5 Reasons to Choose Debt Over Equity Financing
by BJ Lackland, CEO, Lighter Capital, on Apr 3, 2018
When CEOs of early-stage companies think about growth capital, they rarely think of debt financing. Venture capital has a larger mindshare, and a lot of founders are anxious about taking money that has an interest rate or repayment cap attached.
They shouldn’t be. Financing your healthy growing company with debt isn’t the same thing as maxing out your credit cards to fund your product development. You have paying customers, maybe even a few enterprises. You have revenue. You (hopefully) have an accounting function. This infrastructure makes debt easy to account for: you know your repayment obligations ahead of time and you can plan for them.
In addition, debt financing may offer its own hidden benefits. Here are five reasons not to be skittish about financing your company with debt.
1. In the long run, debt is cheaper than equity
Entrepreneurs tend to think of VC as free money. It’s not. In fact, if you plan to scale and exit, debt is almost always the cheaper option.
Think of it this way. If you take a five-year loan of $1M at 20% APR, that $1M has cost you $1.6M by the time you pay it off. But if you take $1M from a VC at a $5M valuation (meaning you sell 20% of your equity), then get acquired for $15M, those VCs get $3M.
The same amount of capital at the same time, but the lender sells you $1M for $1.6M, and the VC sells you $1M for $3M.
2. Debt gives you tax benefits
Assuming your company is out of the red, debt financing provides a few tax perks that equity financing cannot.
If your business uses accrual accounting, the interest portion of your payment runs through your profit and loss statement, which reduces your taxable net income. This means the effective cost of the borrowing is less than the stated rate of interest. Essentially, the US government helps mitigate the cost of your loan.
3. A lender isn’t going to tell you how to run your business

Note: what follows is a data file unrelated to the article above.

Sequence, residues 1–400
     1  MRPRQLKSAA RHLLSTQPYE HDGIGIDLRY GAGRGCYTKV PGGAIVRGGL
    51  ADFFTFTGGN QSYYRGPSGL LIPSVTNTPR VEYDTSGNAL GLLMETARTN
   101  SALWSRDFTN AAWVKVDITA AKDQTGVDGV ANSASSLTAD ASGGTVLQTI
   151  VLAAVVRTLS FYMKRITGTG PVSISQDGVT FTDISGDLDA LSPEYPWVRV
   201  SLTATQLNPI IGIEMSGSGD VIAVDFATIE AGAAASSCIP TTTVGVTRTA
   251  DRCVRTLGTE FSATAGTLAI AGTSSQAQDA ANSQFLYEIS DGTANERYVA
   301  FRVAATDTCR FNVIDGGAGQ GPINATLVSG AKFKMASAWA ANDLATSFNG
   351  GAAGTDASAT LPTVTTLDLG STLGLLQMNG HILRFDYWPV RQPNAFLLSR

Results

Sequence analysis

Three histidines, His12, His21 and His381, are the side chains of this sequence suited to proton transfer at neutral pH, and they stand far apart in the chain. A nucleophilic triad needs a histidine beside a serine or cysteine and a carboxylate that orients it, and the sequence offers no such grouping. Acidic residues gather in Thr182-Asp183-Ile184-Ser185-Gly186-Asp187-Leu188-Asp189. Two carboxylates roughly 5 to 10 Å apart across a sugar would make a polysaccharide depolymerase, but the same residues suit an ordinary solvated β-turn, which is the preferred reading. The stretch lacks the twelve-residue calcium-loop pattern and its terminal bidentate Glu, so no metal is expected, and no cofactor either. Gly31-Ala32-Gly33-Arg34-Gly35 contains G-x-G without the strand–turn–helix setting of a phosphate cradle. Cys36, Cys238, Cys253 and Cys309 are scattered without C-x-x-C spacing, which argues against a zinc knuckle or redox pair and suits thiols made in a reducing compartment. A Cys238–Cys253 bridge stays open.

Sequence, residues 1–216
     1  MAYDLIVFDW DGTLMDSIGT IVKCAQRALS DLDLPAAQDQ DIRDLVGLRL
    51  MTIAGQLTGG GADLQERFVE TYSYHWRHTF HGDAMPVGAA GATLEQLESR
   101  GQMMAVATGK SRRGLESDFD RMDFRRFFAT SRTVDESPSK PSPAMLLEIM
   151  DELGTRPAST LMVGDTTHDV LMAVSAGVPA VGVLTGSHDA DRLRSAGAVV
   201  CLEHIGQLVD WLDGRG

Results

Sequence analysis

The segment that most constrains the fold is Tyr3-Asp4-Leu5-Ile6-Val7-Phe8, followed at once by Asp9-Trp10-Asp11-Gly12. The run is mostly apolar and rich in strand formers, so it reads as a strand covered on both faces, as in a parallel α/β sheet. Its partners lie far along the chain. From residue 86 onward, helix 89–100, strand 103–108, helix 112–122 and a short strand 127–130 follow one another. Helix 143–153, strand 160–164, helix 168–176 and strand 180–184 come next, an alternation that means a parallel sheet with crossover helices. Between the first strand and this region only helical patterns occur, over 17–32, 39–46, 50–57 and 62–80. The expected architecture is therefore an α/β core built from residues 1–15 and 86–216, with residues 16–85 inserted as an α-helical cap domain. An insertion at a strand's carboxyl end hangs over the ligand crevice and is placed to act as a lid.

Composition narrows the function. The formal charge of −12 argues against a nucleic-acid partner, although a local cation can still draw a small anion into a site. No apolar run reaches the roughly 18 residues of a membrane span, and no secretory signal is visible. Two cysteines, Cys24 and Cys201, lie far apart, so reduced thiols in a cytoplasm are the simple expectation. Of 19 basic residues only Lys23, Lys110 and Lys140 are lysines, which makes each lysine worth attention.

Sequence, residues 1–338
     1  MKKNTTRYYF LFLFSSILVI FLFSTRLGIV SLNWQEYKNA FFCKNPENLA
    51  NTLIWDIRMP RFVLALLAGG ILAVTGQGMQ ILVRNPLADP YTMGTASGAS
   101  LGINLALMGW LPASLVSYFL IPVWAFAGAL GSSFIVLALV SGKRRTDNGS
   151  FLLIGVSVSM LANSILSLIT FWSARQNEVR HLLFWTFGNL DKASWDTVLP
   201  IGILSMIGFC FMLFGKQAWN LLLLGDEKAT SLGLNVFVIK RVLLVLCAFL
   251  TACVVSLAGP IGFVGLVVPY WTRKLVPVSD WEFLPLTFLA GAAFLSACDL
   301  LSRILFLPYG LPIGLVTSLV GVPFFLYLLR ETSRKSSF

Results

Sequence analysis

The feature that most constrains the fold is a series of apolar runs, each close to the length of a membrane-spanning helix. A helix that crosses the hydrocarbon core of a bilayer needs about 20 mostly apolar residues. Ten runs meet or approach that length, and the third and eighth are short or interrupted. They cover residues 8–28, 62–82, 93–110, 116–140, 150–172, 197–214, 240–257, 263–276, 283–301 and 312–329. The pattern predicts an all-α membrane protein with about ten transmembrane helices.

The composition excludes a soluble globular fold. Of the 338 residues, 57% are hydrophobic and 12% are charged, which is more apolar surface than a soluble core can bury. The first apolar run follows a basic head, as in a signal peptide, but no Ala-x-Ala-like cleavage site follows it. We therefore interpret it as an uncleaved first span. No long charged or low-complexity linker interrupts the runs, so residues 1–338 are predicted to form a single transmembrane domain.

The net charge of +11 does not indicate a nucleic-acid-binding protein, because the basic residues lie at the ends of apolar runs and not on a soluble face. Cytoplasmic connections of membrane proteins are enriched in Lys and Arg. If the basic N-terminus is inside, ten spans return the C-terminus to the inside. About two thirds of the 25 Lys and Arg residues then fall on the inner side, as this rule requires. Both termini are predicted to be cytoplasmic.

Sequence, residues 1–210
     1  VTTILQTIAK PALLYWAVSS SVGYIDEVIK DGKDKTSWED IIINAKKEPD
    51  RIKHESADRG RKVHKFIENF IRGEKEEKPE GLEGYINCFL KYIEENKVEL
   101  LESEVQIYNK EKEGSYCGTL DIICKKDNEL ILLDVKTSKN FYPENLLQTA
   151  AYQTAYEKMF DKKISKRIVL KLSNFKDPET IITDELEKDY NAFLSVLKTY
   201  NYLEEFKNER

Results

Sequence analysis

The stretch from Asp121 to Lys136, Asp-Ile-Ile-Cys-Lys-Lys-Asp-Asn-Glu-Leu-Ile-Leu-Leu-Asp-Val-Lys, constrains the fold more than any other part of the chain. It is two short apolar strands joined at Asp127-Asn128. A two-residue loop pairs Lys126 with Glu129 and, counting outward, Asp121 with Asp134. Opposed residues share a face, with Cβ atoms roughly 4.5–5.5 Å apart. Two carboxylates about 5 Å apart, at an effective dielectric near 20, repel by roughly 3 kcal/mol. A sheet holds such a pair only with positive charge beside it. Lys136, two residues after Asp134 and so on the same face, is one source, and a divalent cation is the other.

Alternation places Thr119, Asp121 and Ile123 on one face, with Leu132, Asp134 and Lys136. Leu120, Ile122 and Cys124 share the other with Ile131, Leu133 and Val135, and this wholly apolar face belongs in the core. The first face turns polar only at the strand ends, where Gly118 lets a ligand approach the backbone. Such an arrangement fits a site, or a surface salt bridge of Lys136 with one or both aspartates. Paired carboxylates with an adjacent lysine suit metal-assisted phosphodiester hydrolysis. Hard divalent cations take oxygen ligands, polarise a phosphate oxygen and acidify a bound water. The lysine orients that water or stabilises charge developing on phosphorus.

Taking on equity investors means giving them seats on your board. It also means conforming to their expectations of how your company should grow. If you don’t like it, be careful—they can limit your control over the business you started, or, in the worst-case scenario, oust you from your own company.
Lenders don’t worry as long as you’re hitting your payments and staying in a position to continue doing so. No board seats, no control.
4. For businesses with sticky revenue streams, debt can be very accretive
Jason Lemkin points out that if you’re an early-stage company with recurring revenue streams (like SaaS or subscription-based services), a minor amount of debt will actually increase your net cash flows. The extra cash will let you make a few key hires. If you hire well, those folks will build out features and sales programs and you can see an ROI much higher than the cost of their salaries.
5. More time to actually run your company
Raising a VC round usually takes between six and nine months of coffee meetings, pitches, and phone calls. Raising debt financing is generally much faster. Lighter Capital, where I work, often funds companies in one month.
Debt saves you time once you get it, too. Lenders don’t need to keep up with your every decision, and they don’t require board meetings. They won’t need to deliberate with you over every new hire or strategy.
The funding option you pick today will determine what you can and can’t do with your business in the future. It’s important in those early years—after launch and before complete traction—to be aware of all your funding options. Think about where you want your company to be in one, five, or ten years, and think about how much time or control or money you’re willing to give up to get there.